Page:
Love is a leap of faith

Lovefraud recently received the following email:

Hi Donna,

I’m a huge fan of LoveFraud and can’t thank you enough for making it happen. I know from your story that you’ve found a wonderful man.  So have I, and we’ve been dating about a year. He’s an upbeat, nurturing person with a great sense of humor and good boundaries!

Still, I’m finding it difficult to let go and love him. I’m really surprised how long it’s taking me to let go of my fear. (I’ve been out of my marriage 4 years and did a lot of healing before I met new guy.)

Could you address this in one of your articles? I see a lot of info on how to recover, and how to spot a spath so you don’t hook up with another one. But what about when you find a good guy? I’d love to hear about other people’s experiences, how long it took them to relax into love, and anything they did to facilitate the process.

First of all, I am very glad that you have found someone special. So let’s address the situation that you’ve brought up letting go of fear so that you can fully enjoy your new relationship.

Here’s the most important concept to understand: The key to finding and enjoying a good, healthy relationship always lies within ourselves.

If you’re still feeling fear about the new relationship, it means that you have more healing to do. This is not a bad thing. Keep in mind that when it comes to our emotional lives, another word for “healing” is “growth.” So as you move forward, you’re getting to the deeper issues that may still stand in the way of emotional fulfillment. When you address them, you grow.

Whatever you’ve been doing to get to where you are now, keep doing it, focusing on the last remnants of the fear that you feel:

  • If you’ve been working with a therapist, ask him or her to help you.
  • If you’ve been journaling, ask yourself what you’re afraid of, and write the answers.
  • If you’ve been processing your emotions, allow yourself to feel the fear, until it is released.
  • If you’ve been meditating, focus on the fear, and let the cause come into your awareness.
  • If you’ve been using EFT tapping, state the fear as the problem you want to resolve.

Emotional growth is a lifelong process. All relationships are opportunities for growth.

Interim steps

Sometimes there are interim steps between getting rid of the sociopath and finding a true life partner.

If you’ve read my first book, Love Fraud, you may remember that I started dating a man, John, seven months after I left my sociopathic husband. John was a normal, affectionate, caring man. We had a lot of fun, and I truly felt love with him.

The relationship ended 10 months later. Quite frankly, the end of that relationship hurt more than the end of my marriage. My ex-husband had betrayed me. I grieved the loss of my money, stability and self-esteem. But I no longer loved him; I was glad to get rid of him. When John and I broke up, I was heartbroken. We did share a love, and it was gone.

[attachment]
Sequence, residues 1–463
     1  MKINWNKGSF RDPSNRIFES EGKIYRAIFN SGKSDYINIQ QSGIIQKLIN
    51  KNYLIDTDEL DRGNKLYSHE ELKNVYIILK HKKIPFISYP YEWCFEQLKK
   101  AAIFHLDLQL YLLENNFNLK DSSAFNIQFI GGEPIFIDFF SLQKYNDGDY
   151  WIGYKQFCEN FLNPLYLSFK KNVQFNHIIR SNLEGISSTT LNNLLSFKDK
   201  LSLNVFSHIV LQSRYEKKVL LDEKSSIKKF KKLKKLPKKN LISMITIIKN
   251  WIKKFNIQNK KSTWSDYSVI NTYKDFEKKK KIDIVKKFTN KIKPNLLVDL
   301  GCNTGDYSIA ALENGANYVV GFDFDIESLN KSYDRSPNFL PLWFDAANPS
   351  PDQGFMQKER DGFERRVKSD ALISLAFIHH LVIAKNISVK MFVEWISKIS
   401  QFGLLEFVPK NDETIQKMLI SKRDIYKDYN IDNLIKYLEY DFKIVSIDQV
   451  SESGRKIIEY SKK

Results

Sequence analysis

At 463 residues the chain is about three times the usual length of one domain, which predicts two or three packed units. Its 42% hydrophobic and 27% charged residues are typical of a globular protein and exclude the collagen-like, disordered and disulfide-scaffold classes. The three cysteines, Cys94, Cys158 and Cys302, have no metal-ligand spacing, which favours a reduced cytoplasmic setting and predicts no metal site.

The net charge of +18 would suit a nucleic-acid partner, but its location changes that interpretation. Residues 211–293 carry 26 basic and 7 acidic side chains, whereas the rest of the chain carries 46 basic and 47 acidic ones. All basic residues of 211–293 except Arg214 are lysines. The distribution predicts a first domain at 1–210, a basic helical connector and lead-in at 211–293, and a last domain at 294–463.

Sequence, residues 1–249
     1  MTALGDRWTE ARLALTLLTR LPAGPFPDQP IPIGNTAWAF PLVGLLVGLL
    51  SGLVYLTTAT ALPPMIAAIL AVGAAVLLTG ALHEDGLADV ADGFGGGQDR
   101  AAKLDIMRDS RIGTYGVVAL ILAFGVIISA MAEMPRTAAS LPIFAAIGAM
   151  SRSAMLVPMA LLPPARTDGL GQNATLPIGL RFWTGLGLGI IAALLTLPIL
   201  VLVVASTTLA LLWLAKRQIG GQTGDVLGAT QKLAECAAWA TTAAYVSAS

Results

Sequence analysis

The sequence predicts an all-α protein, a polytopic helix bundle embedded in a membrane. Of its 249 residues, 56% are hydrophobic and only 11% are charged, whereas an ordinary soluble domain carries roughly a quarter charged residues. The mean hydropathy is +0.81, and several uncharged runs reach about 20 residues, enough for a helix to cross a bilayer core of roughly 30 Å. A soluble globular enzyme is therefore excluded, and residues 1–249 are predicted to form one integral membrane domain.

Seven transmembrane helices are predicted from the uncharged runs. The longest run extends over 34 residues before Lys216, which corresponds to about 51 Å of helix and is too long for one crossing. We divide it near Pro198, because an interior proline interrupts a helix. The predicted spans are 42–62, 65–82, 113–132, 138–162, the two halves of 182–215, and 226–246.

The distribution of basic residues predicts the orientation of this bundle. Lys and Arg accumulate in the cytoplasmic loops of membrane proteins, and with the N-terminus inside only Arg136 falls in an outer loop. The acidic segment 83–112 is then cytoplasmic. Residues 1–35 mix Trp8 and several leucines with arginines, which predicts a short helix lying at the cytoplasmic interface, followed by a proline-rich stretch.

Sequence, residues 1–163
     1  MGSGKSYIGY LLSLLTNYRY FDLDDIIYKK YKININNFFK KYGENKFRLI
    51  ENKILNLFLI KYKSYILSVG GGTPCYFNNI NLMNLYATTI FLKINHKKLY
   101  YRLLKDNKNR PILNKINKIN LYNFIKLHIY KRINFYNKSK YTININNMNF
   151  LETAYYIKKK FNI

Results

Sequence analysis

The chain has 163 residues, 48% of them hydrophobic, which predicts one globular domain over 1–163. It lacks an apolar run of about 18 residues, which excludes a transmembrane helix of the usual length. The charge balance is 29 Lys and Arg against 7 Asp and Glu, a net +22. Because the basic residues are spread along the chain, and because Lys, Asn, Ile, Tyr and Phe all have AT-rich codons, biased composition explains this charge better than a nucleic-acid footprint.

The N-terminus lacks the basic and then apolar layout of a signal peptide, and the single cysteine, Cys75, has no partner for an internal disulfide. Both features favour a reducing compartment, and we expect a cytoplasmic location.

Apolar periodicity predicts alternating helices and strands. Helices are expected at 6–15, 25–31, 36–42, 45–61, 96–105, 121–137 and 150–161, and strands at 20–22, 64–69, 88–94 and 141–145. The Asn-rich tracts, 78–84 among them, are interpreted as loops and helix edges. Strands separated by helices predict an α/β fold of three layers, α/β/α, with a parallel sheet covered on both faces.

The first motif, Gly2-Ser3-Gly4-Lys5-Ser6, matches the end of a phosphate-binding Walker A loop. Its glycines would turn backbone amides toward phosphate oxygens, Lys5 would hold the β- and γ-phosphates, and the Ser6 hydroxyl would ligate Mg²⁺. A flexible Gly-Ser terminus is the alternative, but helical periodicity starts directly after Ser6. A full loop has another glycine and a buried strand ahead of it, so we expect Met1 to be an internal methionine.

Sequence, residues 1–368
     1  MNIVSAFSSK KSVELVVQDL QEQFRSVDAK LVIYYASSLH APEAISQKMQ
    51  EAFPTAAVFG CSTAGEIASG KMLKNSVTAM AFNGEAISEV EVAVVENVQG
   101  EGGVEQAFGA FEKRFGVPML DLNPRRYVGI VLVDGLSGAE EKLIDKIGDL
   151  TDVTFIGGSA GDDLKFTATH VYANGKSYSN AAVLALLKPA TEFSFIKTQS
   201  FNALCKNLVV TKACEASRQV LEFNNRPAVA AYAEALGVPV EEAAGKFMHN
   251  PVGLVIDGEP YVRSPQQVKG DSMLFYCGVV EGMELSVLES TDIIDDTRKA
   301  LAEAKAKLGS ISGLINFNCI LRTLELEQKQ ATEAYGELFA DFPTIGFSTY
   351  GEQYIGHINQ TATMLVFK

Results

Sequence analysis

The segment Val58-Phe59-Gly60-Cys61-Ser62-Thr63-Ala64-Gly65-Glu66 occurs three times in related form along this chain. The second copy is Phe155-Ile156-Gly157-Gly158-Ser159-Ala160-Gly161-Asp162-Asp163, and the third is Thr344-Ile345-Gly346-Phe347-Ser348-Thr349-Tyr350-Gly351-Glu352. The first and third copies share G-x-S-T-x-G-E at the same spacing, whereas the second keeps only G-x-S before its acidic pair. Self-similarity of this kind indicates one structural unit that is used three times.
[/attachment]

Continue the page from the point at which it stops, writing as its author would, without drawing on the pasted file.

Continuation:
Eventually I realized that my relationship with John was never meant to be permanent. We were both taking the initial tentative steps out of emotional disappointment. We cared for each other and supported each other for almost a year, and then it was time for both of us to move on.

Our partner’s problems

Even with Terry, who is now my husband, there was a time about a year into our relationship when it almost came apart. The problem wasn’t our relationship, but other issues in Terry’s life that made him feel like he couldn’t continue.

Sociopaths, of course, often have problems in their lives. So how do we tell the difference between a healthy person with a problem, who deserves our love and support, and a sociopath who will be an unending source of turmoil?

The difference is that when a sociopath has a problem, we’ll feel manipulated, deceived or bullied into fixing it. When a healthy person has a problem, we won’t feel used when we’re offering support.

I knew that Terry had to face his issues. I hoped that we’d be able to stay together, but there was a chance that our relationship would end. I knew that if that happened, it wasn’t because I was deficient. I’d be unhappy, but I’d eventually pick myself up and start again.

Always risk

Keep in mind that there’s always risk involved in entering a relationship, whether or not you were previously betrayed by a sociopath, and even if the other person is relatively healthy. When you reveal the contents of your heart, there is a chance that your feelings may not be reciprocated and you’ll end up with a broken heart. In short, that’s life.

If a relationship doesn’t work out, it doesn’t mean that there is something wrong with you. It may mean that you and the other person were only meant to travel together for a short time. It may also mean that the person was just a stepping stone to the real love of your life.

Love is a leap of faith. As you heal, you’ll be able to find the courage to make the leap.

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193 Comments on "Love is a leap of faith"

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Just looking over some of my old posts.

Sometimes I see a little light at the end of the tunnel.


Through the sociopath ex-gf it seems I performed a self-castration! Nothing wrong with being ‘sensitive’ and a ‘good-listener,’ but, man, I gave it ALL away.

Sure there’s light fixer. You’re considering dating again! Even if it stays at considering right now, you are leaping ahead in your recovery. I’m really pleased for you the shepath put you through the wringer and you’ve fought back , it’s heartening. x

Thanks for your kind words, Tea Light!
Wish I could hoist a pint or two with ye!

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